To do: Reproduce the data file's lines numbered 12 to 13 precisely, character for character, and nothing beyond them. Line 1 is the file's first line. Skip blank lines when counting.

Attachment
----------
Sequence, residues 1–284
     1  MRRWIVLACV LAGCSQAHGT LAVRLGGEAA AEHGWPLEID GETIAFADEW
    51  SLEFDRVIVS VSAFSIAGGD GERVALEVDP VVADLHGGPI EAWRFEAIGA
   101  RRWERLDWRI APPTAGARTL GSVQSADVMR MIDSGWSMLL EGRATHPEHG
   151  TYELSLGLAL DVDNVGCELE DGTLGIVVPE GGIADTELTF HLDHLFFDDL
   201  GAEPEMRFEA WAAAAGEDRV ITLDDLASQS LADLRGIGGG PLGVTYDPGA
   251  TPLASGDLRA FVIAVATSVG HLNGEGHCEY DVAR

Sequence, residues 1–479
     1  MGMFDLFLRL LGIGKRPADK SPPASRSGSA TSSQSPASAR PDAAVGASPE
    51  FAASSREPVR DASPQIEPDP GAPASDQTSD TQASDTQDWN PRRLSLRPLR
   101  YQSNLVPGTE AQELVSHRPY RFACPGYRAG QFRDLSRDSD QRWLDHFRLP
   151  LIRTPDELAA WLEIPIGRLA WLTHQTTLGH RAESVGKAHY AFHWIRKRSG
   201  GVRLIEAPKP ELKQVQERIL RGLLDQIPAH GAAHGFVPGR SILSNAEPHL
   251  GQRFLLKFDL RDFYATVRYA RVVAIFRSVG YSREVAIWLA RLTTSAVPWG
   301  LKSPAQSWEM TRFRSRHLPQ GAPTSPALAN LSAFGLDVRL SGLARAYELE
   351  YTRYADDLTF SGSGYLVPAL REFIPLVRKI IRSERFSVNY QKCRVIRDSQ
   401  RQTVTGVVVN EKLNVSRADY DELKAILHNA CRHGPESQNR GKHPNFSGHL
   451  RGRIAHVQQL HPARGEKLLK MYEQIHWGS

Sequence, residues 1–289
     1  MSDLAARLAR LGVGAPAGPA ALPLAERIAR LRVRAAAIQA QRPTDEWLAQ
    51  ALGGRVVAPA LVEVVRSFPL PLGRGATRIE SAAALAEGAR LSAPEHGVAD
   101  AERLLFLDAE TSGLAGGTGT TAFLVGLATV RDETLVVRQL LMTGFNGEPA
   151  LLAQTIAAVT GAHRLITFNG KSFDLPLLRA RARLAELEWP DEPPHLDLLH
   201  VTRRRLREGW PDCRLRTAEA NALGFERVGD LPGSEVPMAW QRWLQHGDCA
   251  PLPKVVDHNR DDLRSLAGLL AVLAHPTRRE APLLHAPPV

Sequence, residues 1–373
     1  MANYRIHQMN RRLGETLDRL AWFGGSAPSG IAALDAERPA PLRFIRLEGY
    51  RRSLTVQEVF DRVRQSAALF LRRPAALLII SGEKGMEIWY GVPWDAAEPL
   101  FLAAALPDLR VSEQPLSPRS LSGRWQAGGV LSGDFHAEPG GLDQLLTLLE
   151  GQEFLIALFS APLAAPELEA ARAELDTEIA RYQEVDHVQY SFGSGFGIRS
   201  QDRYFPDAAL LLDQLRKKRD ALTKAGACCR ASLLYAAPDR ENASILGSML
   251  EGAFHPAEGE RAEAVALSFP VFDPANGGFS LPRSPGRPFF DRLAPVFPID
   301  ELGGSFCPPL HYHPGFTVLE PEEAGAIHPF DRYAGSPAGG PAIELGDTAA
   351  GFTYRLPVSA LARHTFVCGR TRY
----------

   151  LIRTPDELAA WLEIPIGRLA WLTHQTTLGH RAESVGKAHY AFHWIRKRSG
   201  GVRLIEAPKP ELKQVQERIL RGLLDQIPAH GAAHGFVPGR SILSNAEPHL